My approach to oriental medicine

In my approach to Traditional Oriental Medicine my intention is  to integrate it’s different aspects in the way they were applied by the early practitioners. This implies the adjustment of: breathing, moving, life attitude and diet and the application of manual therapy and acupuncture.

Probably the best known and sought after branch of Traditional Oriental MedIcine (T.O.M.) is Acupuncture. It’s practice has taken a big rise in the west during the last 30 years. It is known for its effectiveness and has become largely popular under the growing group of people who are looking for alternative ways of treatment for their health issues, outside the traditional western approach.
Acupuncture has the big advantage that it has no side effects although one has to note that lately it has been increasingly practised isolated from the context of T.O.M.

T.O.M combines acupuncture with: physical treatment, Qi Kung, medicinal plants, diet, and the counselling of life attitude.

The massage therapy that is an essential part of T.O.M. is called Tuina in China and Shiatsu in Japan. I practice them both.
Both these techniques are aimed at opening up the energy flow and stimulating the self healing power of the patient.

These techniques are combined with Qi Kung exercises, ‘the mother of all martial arts’ who by harmonising movement and breathing strengthen and circulate the Life Force. (Qi in Chinese, Ki in Japanese)

Another big pillar of the use of medicinal herbs.
Ancient knowledge states that when the disease has penetrated deeper in the body, the blood should be treated, therefore the use of herbs, combined with diet, as food was seen as a form of medicine.

The Book of the Yellow Emperor, the foundation of T.O.M. states that: ‘In ancient times, the first thing the doctors would do is to treat the Shen’. Shen can be translated as ‘Spirit’ or ‘Mind’. This considers reflecting on habits and behaviour, life attitudes that are harmful to one’s own health.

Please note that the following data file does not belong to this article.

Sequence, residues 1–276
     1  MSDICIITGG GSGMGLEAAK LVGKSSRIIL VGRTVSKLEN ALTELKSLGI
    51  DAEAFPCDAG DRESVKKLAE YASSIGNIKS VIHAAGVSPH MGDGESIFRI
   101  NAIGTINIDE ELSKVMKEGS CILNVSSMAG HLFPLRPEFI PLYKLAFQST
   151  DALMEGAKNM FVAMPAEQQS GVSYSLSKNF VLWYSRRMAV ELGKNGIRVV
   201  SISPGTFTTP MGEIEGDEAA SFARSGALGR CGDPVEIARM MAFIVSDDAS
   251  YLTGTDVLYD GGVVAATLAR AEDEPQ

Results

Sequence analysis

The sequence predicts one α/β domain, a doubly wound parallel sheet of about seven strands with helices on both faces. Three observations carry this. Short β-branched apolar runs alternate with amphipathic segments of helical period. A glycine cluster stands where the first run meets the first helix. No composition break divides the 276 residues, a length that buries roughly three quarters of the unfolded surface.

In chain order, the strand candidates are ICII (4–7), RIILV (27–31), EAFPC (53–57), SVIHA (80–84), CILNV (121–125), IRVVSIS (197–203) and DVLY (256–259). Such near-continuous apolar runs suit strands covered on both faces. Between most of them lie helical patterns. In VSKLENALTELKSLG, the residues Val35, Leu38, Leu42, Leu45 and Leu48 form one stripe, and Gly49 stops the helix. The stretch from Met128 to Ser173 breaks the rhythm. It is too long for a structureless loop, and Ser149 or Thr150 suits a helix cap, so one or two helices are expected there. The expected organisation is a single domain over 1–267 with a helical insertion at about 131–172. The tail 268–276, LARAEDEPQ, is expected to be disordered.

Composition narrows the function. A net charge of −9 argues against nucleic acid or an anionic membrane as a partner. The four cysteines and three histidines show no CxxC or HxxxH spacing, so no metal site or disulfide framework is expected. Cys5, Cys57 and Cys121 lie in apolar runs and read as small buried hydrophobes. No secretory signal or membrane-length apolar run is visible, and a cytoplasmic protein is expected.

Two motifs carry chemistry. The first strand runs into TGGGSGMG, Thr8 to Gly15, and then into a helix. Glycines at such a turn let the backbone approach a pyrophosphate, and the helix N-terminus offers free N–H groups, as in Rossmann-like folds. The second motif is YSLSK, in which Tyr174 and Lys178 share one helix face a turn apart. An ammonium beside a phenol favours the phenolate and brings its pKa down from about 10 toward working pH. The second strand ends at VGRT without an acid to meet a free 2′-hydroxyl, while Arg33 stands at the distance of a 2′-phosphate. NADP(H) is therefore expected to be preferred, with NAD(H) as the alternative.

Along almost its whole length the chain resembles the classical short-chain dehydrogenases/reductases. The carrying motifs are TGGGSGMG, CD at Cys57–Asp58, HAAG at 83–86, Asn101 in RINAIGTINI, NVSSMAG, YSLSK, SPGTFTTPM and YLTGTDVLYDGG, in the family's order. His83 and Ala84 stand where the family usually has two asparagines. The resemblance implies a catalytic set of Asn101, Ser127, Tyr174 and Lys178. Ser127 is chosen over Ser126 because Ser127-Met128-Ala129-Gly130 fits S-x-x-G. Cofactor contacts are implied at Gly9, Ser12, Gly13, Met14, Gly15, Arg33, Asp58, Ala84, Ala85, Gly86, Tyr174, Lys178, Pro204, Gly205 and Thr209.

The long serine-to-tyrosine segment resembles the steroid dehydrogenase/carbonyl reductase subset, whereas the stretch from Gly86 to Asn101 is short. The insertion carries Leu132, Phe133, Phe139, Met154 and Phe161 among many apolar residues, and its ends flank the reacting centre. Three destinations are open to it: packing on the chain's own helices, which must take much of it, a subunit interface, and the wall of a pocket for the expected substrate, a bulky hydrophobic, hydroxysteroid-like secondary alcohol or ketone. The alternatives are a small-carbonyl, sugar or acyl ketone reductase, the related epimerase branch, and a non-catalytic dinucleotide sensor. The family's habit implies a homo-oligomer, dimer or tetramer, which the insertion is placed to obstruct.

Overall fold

Not everybody comes for introspection, pain treatment takes a important place in T.O.M. and maybe few people are coming to do some soul searching about the ‘why’ of their sprained ankle, even though few things happen isolated from our context.

What I am trying to do in my approach is to integrate acupuncture again into the whole context of T.O.M. to reach a more potent level of healing using the clinical tools that are able to boost it’s effects.
I combine my acupuncture treatment with shiatsu, breathing exercises, herbs and diet whenever possible and necessary.
Also I reserve a place for reflection and personal reassessment whenever required that I will explain in ‘Life Coaching’ and Five Element Ki training (see treatments).

Of course there are people who come for Shiatsu treatment only and most people appreciate the relaxing and pleasant feeling that Shiatsu produces and how it helps to cope with stress and boosts our immunity system.

I also teach Qi Kung courses for people strictly interested in that, as well as Shiatsu.

It has been an honour for me to be in this situation as a practitioner trying to help and it is no cliché to state that my clients have been my biggest teachers to whom I am infinitely grateful.

After explaining the way T.O.M. is based on four pillars ( diet/herbal treatment, qi kung, manual therapy, acupuncture). I have to ad another one that is: life coaching.

1. short term ailments

These problems are considered to have been acquired recently, most of them with pain or inhibition, like. sprained ankles, dislocated shoulders, consequences of accidents, sports injuries, acute fever, colds, flu, cystitis?, toothache, torticulis (frozen shoulder), cough, diarrhoea, constipation, muscle pain, sinusitis, conjunctivitis, rash, excema etc.

In this category falls every acute pain treatment that can come from a variety of conditions, from post-operative pain, to accidents, ‘wrong movements’ etc.

All of these conditions have in common that they are ‘acute’ problems, with no large history. They often need immediate, intensive treatment.

2. long term ailments One of the most common reasons, often combined with different symptoms to come for treatment is the lack of energy.

Every internal condition or illness can be related  by Traditional Oriental Medicine The most commented aspect is the effect that acupuncture has on the level of energy.

3. Life coaching

The third category of patients are coming for treatment because ‘they want a change in their life’. Often related to long lasting problems of physical and or mental problems that leed to unhappiness, excess of stress, relationships issues, or the ‘simple’ lack of feeling of growth, advance in one’s life.

Their my work consists in guiding people to focus on their priorities, overcoming obstacles and connecting to motivation, inspiration and life force. focusing on decision making, intuitivity training and reassessment of one’s own history and character.